In a vast forest area in Valle de Bravo, Mexico, Taller Héctor Barroso has built five-weekend houses, which adapt to the site’s topography. They are surrounded by pine trees that echo the sound of the wind.
Each house—identical in its typology—consists of six volumes positioned in a way that they generate a void, a central patio. The patio grants views, silence, and intimacy.
To the north, the volumes are solid and closed. To the south, they open up to the garden and the forest, supplying the interior with daylight.
On the ground floor, living, dining, the kitchen and one of the bedrooms expand to the exteriors to join terraces, patios, and the garden. On the top floor, three bedrooms frame the views of the magnificent pines.
The materials, such as brick, wood, and soil are all regional. The soil from the excavations has been taken and reused as the main material to cover the walls. Thereby, the architecture literally emerges from the ground.
Photo credit: Rory Gardiner
Designed by: Taller Héctor Barroso
- Location: Valle de bravo, México.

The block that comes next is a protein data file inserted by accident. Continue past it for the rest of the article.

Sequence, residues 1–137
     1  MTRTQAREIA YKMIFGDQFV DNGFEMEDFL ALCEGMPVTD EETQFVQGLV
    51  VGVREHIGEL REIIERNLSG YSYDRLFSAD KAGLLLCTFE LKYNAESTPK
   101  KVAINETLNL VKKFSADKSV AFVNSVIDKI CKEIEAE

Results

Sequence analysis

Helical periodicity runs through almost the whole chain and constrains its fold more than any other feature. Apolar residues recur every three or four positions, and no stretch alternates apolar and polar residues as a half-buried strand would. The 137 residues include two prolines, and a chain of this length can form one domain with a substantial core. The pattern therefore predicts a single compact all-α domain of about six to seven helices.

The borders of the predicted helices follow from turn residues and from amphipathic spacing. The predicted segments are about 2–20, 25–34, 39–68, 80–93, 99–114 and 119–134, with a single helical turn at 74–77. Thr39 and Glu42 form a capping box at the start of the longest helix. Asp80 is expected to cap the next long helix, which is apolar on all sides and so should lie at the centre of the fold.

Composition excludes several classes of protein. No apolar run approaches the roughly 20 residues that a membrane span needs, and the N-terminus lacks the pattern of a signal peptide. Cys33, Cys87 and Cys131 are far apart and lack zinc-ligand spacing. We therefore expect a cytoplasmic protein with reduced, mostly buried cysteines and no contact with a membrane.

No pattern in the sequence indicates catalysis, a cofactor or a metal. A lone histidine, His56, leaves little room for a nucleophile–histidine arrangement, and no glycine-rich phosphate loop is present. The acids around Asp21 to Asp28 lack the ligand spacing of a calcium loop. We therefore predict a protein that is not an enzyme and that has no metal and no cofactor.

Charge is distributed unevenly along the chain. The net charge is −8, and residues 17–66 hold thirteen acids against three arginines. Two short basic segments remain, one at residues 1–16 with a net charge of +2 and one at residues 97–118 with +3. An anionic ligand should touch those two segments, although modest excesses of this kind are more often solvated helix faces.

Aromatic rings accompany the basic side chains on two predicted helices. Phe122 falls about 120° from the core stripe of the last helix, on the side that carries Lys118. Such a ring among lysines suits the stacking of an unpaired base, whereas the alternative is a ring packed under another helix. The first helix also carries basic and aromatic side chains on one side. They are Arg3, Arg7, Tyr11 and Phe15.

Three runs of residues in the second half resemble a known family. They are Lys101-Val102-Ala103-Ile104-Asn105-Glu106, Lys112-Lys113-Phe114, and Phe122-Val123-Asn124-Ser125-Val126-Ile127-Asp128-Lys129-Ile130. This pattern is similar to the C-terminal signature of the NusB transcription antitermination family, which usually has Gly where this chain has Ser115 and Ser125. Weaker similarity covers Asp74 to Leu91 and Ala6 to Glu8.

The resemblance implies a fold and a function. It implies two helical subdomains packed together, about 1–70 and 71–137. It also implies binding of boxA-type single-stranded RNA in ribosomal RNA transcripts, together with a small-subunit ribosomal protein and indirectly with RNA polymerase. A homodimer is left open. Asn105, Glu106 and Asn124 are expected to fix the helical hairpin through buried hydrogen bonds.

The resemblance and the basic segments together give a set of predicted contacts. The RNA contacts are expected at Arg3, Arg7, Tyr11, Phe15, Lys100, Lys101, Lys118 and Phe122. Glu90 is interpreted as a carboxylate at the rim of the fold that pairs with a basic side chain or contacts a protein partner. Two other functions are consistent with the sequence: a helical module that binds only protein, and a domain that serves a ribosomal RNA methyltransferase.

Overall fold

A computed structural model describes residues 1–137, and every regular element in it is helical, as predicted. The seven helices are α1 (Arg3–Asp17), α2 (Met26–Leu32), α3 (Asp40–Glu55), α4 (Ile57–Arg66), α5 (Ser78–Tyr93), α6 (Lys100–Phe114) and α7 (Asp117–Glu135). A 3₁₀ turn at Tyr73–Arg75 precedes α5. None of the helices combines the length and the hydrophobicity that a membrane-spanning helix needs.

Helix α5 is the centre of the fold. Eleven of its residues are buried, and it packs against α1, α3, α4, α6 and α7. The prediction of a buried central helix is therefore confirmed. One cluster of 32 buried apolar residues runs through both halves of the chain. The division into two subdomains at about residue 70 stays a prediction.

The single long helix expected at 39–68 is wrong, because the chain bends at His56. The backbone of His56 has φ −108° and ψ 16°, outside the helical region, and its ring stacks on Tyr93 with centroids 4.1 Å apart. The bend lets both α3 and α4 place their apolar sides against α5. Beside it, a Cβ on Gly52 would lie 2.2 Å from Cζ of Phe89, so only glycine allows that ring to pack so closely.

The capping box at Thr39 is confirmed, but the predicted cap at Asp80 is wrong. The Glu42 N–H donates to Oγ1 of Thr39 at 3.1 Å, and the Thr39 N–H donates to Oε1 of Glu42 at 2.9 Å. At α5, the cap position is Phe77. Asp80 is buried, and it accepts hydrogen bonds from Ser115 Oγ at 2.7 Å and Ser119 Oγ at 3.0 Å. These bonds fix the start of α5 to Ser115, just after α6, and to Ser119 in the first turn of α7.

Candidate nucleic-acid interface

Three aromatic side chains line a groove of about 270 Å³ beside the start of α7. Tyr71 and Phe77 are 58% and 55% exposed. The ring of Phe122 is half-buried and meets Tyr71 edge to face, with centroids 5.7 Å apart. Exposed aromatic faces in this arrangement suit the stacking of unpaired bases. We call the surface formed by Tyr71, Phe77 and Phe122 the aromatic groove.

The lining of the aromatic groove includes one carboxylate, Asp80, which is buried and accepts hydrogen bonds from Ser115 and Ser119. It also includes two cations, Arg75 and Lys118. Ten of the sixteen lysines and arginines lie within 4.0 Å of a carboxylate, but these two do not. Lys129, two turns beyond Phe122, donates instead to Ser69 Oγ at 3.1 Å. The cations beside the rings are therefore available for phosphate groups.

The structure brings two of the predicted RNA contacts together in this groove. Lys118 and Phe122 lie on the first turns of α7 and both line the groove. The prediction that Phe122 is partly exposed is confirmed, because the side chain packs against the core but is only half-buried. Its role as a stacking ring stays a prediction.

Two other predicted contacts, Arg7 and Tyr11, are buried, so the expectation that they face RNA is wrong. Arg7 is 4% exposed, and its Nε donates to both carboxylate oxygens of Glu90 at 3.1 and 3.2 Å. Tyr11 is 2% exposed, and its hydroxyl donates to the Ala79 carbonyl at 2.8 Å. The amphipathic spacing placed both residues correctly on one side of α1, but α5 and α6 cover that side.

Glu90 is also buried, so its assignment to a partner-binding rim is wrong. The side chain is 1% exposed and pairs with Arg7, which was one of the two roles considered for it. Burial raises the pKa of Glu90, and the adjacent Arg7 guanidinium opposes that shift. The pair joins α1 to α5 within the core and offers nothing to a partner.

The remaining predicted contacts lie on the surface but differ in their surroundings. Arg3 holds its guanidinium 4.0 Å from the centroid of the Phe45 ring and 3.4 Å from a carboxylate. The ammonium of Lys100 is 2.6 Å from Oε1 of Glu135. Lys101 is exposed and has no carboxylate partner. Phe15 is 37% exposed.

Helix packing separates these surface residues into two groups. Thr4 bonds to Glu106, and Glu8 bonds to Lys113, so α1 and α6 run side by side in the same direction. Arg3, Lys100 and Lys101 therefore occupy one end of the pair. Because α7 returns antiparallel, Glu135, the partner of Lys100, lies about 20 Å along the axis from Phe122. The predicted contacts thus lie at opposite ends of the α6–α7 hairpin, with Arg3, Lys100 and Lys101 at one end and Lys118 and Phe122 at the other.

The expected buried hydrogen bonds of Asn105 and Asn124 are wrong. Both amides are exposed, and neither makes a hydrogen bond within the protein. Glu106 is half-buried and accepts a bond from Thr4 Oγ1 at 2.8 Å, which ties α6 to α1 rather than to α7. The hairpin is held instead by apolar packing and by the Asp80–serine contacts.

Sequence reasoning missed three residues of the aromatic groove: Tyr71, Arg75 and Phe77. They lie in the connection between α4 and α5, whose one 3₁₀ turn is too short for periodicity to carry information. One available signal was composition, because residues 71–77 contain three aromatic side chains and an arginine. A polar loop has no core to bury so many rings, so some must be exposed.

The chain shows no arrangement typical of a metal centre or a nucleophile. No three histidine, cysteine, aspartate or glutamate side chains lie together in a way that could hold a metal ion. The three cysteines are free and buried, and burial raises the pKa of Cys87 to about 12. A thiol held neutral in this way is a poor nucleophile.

- Architect: Héctor Barroso
- Project Manager: Thalía Bolio
- Collaborators: Ar. Vianney Watine and Ar. Diego Rentería
- Engineers: Ar. Ricardo Camacho and Ar. Tomás Rodríguez
- Completion date: 2017
- Total built area: 1,700 m2
- Photo credit: Rory Gardiner
- Press distribution: v2com
About Taller Héctor Barroso
The firm led by architect Hector Barroso seeks to generate architectural proposals that manage to merge with their environment, taking advantage of the natural resources of each place: the influence of light and shadows, the surrounding vegetation, the composition of the land and the geographic. Thanks to this, the projects merge in harmony with the environment that surrounds them, creating spaces that emphasize the habitable quality of the architecture.